Philadelphia – Mayor Jim Kenney (D) changed the lives of thousands of Philadelphians with the stroke of a pen today at City Hall as he signed the prevailing wage expansion bill into law. The measure helps to create thousands of good jobs by expanding the prevailing wage to include service workers at universities, hospitals, and other publicly-subsidized institutions.
“People usually associate the word ‘poverty’ with ‘unemployment,’” said the Mayor. “But the fact is, a good number of Philadelphians who are employed still find themselves struggling in poverty. This measure marks an important step towards assuring that low-wage employees receive a family-sustaining wage.”
The prevailing wage measure was amended in 2008; however, the law did not include hospitals, universities, stadiums, the convention center, and the port. The expansion was introduced last month by Councilmember Helen Gym and several co-sponsors. It passed unanimously by City Council earlier this month and transforms thousands of low-wage jobs into family-sustaining jobs paying workers almost $15 an hour with benefits. The bill creates an economic benefit of over $22 million a year for the city and aims to ensure that public money does not subsidize poverty wages.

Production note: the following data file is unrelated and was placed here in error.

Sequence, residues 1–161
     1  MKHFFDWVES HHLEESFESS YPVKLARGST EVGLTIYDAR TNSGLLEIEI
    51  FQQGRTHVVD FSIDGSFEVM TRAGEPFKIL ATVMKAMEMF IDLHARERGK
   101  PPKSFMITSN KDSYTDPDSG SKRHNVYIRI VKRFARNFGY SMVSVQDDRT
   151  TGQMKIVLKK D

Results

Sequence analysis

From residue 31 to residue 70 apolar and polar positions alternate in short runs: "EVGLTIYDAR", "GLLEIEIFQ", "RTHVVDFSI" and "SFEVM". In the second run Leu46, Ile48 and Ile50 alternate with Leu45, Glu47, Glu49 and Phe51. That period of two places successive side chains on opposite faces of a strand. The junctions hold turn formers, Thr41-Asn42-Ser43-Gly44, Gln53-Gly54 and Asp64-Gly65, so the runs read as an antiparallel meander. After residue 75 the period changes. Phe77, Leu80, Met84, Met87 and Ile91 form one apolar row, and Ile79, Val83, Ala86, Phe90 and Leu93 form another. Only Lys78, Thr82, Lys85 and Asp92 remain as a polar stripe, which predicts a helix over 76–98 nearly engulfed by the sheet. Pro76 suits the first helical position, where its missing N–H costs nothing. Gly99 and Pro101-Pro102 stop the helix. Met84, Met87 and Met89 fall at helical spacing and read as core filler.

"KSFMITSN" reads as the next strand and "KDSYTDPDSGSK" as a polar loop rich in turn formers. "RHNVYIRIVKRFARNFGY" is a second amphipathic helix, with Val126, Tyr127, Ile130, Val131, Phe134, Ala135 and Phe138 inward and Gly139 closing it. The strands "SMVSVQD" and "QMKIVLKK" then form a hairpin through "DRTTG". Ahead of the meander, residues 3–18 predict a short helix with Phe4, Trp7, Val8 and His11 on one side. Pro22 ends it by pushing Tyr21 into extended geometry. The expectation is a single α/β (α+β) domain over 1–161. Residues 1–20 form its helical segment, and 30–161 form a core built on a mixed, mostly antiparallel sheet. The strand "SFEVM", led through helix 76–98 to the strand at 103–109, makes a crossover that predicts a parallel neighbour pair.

“By expanding prevailing wage requirements, we are ensuring that thousands of hardworking Philadelphians and their families will see a long-overdue raise,” said the measure’s primary sponsor, Councilwoman Helen Gym. “We can no longer let public resources subsidize poverty wages.”
“This is a blessing. Many security officers across this city work two and three jobs, and we neglect spending precious time with our children to make sure we can provide their basic needs. The passing of this bill allows us to better support our families and contribute to the businesses in our communities,” said Vanessa Highsmith, a security officer.
Designated as the poorest big city in America with more than 185,000 Philadelphians living in deep poverty, this amendment transforms the lives of thousands of families throughout the city living in the most impoverished neighborhoods.
“The prevailing wage expansion is a win for thousands of Philadelphians. It’s the helping hand these men and women need to positively impact their lives, their families, and their communities. It’s a lift out of poverty and a step towards the middle class,” said Gabe Morgan, Vice President, 32BJ SEIU.
The measure was introduced last month by Gym and co-sponsored by council members Kenyatta Johnson, Curtis Jones, Cherelle Parker and Maria Quinones-Sanchez.
With 155,000 members in eleven states and Washington, D.C., 32BJ SEIU is the largest property service workers union in the country.